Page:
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What the NHL's new Las Vegas team means for the Lightning

Ben Bishop of the Tampa Bay Lightning attends the 2016 NHL Awards at the Hard Rock Hotel & Casino on Wednesday night in Las Vegas. [Ethan Miller | Getty Images]

Ben Bishop of the Tampa Bay Lightning attends the 2016 NHL Awards at the Hard Rock Hotel & Casino on Wednesday night in Las Vegas. [Ethan Miller | Getty Images]

The National Hockey League is coming to Sin City.

Las Vegas was awarded an expansion franchise Wednesday after a unanimous vote by the league's board of governors, with the plan to start play in the 2017-18 season.

The franchise will pay a $500 million expansion fee — distributed equally among the other 30 teams — and join the Pacific Division in the Western Conference, playing in a 17,500 seat arena right off the strip; Quebec's expansion proposal was "deferred."

The NHL's first expansion since 2000 — when Minnesota and Columbus each paid $80 million — means an expansion draft will be held in June 2017.

And that will provide a challenge for all teams, including the Lightning.

Clubs will have the choice to protect either eight skaters (forwards/defensemen) and one goalie, or seven forwards, three defensemen and a goalie. Each team will lose one player to the Las Vegas franchise, which will select 30 total (14 forwards, nine defensemen and three goaltenders).

This draft will have a significant impact on moves that general manager Steve Yzerman and the rest of his peers make this summer and next season.

There are rules they have to follow.

All players with a no-move clause (partial or full) and under contract at least through 2017-18 must be protected (unless they waive them), with Ryan Callahan and Valtteri Filppula the two Lightning players currently applicable to this.

All first- and second-year pros (NHL or American Hockey League), including unsigned draft choices, will be exempt.

Teams must also meet several requirements, exposing each of the following:

• One defenseman who is under contract in 2017-18 and had played in 40 or more NHL games the prior season or 70 or more games in the prior two seasons.

• Two forwards who are under contract in 2017-18 and played in 40 or more NHL games the prior season or played in 70 or more games in the prior two seasons.

• One goaltender who is under contract for 2017-18 or is a restricted free agent before that season.

So how does this impact the Lightning?

In net, the Lightning will have to leave either Andrei Vasilevskiy or Ben Bishop exposed; Bishop is entering the final year of his contract, so he isn't required to be protected. That's why there's been much speculation whether Bishop, a Vezina Trophy finalist with a $5.95 million cap hit next season, will be traded either this summer or before next season's trade deadline.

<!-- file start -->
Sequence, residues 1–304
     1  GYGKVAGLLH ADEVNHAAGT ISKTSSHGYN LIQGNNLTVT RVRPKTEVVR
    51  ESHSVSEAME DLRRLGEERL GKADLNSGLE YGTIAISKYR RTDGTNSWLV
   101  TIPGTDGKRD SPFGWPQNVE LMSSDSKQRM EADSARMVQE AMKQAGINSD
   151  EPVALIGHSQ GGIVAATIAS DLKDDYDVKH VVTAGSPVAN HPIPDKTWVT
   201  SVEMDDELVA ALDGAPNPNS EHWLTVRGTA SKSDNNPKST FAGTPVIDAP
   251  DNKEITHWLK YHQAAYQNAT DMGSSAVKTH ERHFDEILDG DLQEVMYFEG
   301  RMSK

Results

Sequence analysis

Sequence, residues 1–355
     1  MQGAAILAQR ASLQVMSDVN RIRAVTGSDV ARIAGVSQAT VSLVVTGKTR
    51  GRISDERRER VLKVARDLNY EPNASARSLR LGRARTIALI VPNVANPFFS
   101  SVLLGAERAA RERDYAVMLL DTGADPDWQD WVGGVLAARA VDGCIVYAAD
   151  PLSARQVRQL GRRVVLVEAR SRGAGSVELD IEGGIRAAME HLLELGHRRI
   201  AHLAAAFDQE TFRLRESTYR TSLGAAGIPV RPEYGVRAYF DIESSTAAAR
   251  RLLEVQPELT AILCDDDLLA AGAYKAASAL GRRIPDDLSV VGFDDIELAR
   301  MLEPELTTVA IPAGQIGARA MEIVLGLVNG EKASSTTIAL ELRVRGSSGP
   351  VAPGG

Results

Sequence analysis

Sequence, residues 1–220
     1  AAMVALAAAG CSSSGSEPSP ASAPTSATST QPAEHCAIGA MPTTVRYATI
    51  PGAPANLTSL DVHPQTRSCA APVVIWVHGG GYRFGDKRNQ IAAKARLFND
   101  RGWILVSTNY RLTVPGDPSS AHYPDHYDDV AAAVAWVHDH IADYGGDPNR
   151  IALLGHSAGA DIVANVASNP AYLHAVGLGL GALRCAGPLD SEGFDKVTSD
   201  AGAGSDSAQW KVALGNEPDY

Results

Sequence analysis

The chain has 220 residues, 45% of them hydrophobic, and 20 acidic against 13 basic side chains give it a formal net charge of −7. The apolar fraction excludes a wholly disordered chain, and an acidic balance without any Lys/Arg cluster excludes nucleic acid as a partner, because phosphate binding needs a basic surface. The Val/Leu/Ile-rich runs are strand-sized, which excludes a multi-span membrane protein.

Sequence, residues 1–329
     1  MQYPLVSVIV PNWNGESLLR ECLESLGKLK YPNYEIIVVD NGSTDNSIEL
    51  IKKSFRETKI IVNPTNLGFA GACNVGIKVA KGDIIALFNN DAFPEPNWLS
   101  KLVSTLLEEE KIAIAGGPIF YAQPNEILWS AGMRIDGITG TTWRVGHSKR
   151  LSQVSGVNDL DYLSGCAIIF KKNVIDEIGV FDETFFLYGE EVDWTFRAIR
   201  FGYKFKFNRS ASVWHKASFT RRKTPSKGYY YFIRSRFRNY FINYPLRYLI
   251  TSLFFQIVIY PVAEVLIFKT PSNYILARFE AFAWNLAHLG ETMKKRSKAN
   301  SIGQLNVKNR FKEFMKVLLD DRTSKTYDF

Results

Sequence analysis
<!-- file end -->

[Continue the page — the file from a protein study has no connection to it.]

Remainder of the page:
Whom the Lightning chooses to protect will depend heavily on some key contract decisions, with captain Steven Stamkos an unrestricted free agent July 1, Bishop, Victor Hedman, Tyler Johnson and Ondrej Palat due new deals after next season. Nikita Kucherov is a restricted free agent this summer.

For Yzerman, the expansion draft will likely be considered when approaching trades or free agent signings this summer, weighing how they'll fit in with the exposed/protected list.

Let the fun begin.

Patrick Kane is MVP

Patrick Kane won the Hart Trophy, becoming the first player born and trained in the United States to be named the league's MVP. The NHL's scoring champion is the first Blackhawk to take home the Hart since Stan Mikita in 1968. Kane received three trophies at the NHL Awards show, adding the Ted Lindsay Award after his fellow players recognized him as the game's most outstanding player, and the Art Ross Trophy in recognition of his 106-point season. The Capitals' Barry Trotz, won the Jack Adams Award (best coach) for the first time in 17 seasons behind an NHL bench.

Information from Times wires was used in this report.

Award winners

Vezina Trophy (best goaltender)

Braden Holtby, Capitals

Hart Trophy (most valuable player)

Patrick Kane, Blackhawks

Jack Adams Award (top coach)

Barry Trotz, Capitals

Selke Trophy (top defensive forward)

Anze Kopitar, Kings

Norris Trophy (top defenseman)

Drew Doughty, Kings

Lady Byng Trophy (player best combining sportsmanship, ability)

Anze Kopitar, Kings

Masterton Trophy (perseverance and dedication to hockey)

Jaromir Jagr, Panthers

Calder Trophy (top rookie)

Artemi Panarin, Blackhawks

NHL Foundation Player Award (community service)

Mark Giordano, Flames

Mark Messier Leadership Award

Shea Weber, Predators

Ted Lindsay Award (most outstanding player as voted by the players)

Patrick Kane, Blackhawks

What the NHL's new Las Vegas team means for the Lightning 06/22/16 [Last modified: Thursday, June 23, 2016 7:37am]
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